|Publication number||US4946065 A|
|Application number||US 06/869,827|
|Publication date||Aug 7, 1990|
|Filing date||May 30, 1986|
|Priority date||Apr 19, 1985|
|Publication number||06869827, 869827, US 4946065 A, US 4946065A, US-A-4946065, US4946065 A, US4946065A|
|Inventors||Victor H. Goulter, Brian A. Brown|
|Original Assignee||David Pressman|
|Export Citation||BiBTeX, EndNote, RefMan|
|Patent Citations (30), Referenced by (45), Classifications (29), Legal Events (3)|
|External Links: USPTO, USPTO Assignment, Espacenet|
This application is a continuation of Ser. No. 06/724,910 filed Apr. 19, 1985, and now abandoned.
1. Field of the Invention
This invention relates to metal or plastic holders, particularly to such holders for supporting plastic bags within trash containers and for carrying such bags.
2. Description of Prior Art
Heretofore, handled plastic bags have been used to carry groceries, but, until recently, they were not readily useable for trash storage or disposal as were conventional paper shopping bags. This is because such plastic bags were not stiff enough to be self-supporting within a trash container, as were paper bags.
A solution to this problem was provided by the invention of application Ser. No. 06/607,797, filed 1984-05-07, of Victor Harold Goulter, now U.S. Pat. No. 4,535,911, issued 1985 Aug. 20. In said Goulter invention, upstanding holders were provided for attachment to a trash container; thus the handles of a grocery bag could be suspended from such holders and within such container so that the plastic grocery bag could be used for trash storage and disposal.
While a useful solution, the Goulter invention did provide upstanding supports, which increased the height of the overall trash container. Also, it had a relatively complex shape. Further, it had only one area of utility--the provision of support for a handled plastic bag--and had other limitations as well.
Accordingly, one main object of the present application is to provide a better design and to better make use of plastic material in the manufacture of a holder for holding plastic grocery bags onto trash containers. Another object is to provide such a holder, which can be easily fitted to a trash basket for holding the plastic bags for waste disposal. A further object is to provide such holders which can be made in a variety of colors, thereby to match to more common standard colors of existing waste disposal baskets. Another object is to provide such holders which have enough surface area on the top and sides for the imprinting or other attachment of advertising logos. Yet another object is to provide such a holder wherein the handle of the grocery bag can be slipped upward to engage the holding section of the holder. Another object is to provide a holder which completely covers the reinforced "stops" which are molded into trash baskets to prevent such baskets from locking together when they are packed one inside another for shipping and storing. Yet another object is to provide such holders which can be fitted under plastic grocery bag handles, thus providing a comfortable and convenient hand-hold for carrying. A further object is to provide a means of carrying several plastic grocery bags simultaneously without discomfort, making it possible to carry several full bags in one hand. An additional object is to provide a holder for holding the handles of several bags together when they are placed on a surface, as in the trunk of a car, thus providing means to prevent the individual bags from rolling, tipping, or spilling their contents. An additional object is to provide such a holder which is simple in design, easy to make, and which does not increase the height of a tras container.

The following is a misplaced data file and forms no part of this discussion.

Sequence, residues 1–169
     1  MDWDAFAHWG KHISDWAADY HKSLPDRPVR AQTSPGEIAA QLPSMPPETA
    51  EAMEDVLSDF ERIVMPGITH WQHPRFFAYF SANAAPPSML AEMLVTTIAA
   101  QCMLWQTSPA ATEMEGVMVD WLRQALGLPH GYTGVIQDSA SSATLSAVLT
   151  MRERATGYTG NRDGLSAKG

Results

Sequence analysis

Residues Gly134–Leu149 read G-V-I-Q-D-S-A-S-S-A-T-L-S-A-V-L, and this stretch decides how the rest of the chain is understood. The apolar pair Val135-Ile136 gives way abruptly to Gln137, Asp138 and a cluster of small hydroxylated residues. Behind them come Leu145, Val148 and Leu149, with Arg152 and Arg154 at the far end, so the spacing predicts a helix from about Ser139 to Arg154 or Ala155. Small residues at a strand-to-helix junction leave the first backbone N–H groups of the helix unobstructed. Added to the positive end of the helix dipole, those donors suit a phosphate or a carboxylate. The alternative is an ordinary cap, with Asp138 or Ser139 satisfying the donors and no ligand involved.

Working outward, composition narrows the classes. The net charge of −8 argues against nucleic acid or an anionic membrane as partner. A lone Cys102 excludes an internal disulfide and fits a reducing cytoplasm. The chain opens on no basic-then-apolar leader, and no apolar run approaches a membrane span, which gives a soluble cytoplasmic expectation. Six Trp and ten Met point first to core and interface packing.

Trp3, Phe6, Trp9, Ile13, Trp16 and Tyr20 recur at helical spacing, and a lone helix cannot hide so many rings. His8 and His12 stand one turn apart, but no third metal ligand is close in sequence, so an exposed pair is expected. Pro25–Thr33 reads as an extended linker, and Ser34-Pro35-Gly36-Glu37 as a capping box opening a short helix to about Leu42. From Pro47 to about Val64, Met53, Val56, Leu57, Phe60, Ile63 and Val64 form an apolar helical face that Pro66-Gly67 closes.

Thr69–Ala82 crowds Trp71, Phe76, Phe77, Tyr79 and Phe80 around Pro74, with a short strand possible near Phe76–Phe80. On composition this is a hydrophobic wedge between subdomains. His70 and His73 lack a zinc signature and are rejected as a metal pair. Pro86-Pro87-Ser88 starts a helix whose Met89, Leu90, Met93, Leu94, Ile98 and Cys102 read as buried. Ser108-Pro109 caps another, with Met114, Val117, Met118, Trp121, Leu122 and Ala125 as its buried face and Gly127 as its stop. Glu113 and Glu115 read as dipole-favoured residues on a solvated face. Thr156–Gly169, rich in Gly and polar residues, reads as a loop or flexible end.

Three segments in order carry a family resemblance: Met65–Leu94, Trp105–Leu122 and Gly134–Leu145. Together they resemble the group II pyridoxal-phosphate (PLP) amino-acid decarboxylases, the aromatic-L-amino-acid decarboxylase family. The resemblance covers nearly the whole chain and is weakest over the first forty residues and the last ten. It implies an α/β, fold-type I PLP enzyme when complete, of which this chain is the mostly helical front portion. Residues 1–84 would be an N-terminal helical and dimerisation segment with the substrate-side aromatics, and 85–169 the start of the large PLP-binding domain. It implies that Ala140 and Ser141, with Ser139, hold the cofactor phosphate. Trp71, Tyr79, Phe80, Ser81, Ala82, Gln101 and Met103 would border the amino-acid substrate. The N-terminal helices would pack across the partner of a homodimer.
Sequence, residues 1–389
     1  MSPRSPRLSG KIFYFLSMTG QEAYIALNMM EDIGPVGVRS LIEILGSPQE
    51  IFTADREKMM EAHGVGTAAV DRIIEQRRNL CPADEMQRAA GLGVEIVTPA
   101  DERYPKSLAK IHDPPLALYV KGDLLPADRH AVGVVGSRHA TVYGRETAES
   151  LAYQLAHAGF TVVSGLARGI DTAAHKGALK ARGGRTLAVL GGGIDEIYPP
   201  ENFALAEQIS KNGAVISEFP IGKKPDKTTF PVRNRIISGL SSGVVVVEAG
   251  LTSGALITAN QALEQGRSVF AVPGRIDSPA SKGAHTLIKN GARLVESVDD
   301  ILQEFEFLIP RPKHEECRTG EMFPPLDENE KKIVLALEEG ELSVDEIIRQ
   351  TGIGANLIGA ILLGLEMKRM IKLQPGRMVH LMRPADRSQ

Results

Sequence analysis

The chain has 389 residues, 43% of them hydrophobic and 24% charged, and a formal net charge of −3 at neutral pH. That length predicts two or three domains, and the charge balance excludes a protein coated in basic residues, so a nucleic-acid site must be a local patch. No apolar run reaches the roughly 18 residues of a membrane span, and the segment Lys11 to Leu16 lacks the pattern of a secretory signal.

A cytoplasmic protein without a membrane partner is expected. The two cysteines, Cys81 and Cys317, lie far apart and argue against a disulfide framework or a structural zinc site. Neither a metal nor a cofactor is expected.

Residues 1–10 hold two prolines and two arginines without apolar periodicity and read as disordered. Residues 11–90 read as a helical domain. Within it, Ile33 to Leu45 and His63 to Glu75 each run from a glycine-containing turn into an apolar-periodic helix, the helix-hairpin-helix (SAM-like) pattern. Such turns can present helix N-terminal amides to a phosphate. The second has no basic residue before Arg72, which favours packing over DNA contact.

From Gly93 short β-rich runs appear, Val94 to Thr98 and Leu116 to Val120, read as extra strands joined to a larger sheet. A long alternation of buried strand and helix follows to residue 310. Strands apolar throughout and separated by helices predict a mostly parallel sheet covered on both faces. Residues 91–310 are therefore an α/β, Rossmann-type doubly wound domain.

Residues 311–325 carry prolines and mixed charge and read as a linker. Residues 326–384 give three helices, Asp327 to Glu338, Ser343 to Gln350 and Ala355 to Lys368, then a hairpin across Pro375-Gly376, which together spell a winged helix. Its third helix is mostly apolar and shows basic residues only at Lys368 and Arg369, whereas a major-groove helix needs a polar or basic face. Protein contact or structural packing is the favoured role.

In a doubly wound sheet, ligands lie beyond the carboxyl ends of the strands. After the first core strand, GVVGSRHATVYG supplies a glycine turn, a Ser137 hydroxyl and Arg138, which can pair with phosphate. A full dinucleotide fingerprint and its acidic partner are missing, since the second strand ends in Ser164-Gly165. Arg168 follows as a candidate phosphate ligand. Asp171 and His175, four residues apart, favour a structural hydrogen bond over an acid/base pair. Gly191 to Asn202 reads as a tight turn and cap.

A further object of the invention is to provide a holder which can be manufactured by vacuum injection, rather than pressure injection, resulting in lower manufacturing cost and a lower cost to the consumer. Further objects and advantages of the invention will become apparent from a consideration of the drawings and the ensuing description thereof.
FIG. 1 is an elevated perspective view of one preferred embodiment of the improvement.
FIG. 2 is an elevated perspective view of FIG. 1 when fitted to a wastebasket.
FIG. 3 is a sectional view of the holder of FIG. 1 when fitted to a wastebasket.
FIG. 4 is a perspective view of the holder being used to accommodate the six handles of three plastic grocery bags for the purpose of carrying the bags.
FIG. 5 is a perspective view of the three bags of FIG. 4 placed in the trunk of a car.